BMW Cars Can Cope with E10 Fuel
Germany, Europe's largest economy, is at the moment on the verge of adopting on a large scale the use of the Super E10 fuel, a biofuel with 10 percent ethanol. The drivers in Germany have had the possibility to use this type of fuel since the beginning of the year, but some questions about the capability of some car models to properly work with this fuel have just begun surfacing.
German media reported last week that among the models that can't cope with E10 you can find several BMWs, who may end up with their engines damaged. Because of the bad way in which the introduction has been advertised, said German Environment Ministry Klaus Picard, it has caused chaos at the fuel stations.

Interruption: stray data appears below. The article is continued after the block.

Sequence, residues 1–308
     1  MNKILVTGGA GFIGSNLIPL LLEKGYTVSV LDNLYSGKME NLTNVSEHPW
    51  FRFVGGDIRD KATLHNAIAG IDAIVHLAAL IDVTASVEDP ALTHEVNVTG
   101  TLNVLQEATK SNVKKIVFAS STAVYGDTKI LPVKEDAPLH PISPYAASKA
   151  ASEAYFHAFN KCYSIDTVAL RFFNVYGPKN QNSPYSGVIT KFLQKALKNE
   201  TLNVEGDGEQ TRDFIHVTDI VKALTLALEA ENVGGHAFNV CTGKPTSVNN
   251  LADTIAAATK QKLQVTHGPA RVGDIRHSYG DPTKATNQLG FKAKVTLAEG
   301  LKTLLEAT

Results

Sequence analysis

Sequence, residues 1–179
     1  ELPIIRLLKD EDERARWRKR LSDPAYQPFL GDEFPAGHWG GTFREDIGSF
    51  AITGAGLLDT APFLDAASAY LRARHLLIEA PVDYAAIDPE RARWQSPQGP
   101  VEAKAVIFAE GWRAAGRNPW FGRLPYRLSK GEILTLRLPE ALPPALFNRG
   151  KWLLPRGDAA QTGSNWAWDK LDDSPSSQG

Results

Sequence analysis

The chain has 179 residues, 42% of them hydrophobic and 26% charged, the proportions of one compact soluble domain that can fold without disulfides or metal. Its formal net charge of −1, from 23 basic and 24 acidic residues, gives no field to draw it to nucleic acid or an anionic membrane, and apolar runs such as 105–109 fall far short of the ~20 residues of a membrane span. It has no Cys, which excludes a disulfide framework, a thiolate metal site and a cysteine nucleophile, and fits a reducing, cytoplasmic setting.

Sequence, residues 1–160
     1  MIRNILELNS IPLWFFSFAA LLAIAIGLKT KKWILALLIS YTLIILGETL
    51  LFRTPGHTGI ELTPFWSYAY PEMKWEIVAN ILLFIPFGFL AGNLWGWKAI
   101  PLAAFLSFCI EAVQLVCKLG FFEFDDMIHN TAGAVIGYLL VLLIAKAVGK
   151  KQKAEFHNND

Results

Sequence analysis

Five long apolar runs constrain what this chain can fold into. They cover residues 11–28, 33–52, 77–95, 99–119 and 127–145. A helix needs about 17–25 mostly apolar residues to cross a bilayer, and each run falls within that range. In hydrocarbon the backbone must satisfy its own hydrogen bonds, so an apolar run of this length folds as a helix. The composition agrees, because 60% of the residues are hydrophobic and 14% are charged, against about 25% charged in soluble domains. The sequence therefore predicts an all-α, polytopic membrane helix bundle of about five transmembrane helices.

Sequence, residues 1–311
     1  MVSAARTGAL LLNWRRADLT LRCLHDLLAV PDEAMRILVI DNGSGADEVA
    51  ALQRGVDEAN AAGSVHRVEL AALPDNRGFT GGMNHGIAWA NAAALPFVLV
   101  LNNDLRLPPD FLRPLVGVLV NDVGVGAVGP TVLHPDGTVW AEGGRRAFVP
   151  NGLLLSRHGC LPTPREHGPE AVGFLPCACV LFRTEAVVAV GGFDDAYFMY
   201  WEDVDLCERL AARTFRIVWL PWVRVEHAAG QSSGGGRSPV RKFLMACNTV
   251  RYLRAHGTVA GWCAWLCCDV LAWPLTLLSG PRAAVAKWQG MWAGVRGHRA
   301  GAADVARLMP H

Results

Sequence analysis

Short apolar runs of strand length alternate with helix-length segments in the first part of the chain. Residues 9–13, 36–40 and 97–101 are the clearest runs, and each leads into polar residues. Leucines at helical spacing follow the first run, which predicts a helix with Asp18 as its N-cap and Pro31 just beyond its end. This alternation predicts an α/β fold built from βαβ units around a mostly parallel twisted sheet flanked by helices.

Today, in response to the media reports, BMW issued a statement in which it expresses its support for the new fuel, which is replacing the Super Plus, and says that its position on the matter remains unchanged.
“E10 fuels can safely be used in all BMW passenger cars from any model year. Irrespective of the ethanol content, however, the minimum octane rating as specified in the user manual must be observed as before, since some older BMW models require Super Plus RON 98 to reduce knock,” says the German auto maker. “All oil-change intervals as prescribed by us remain unchanged, irrespective of the use of E10 fuel.”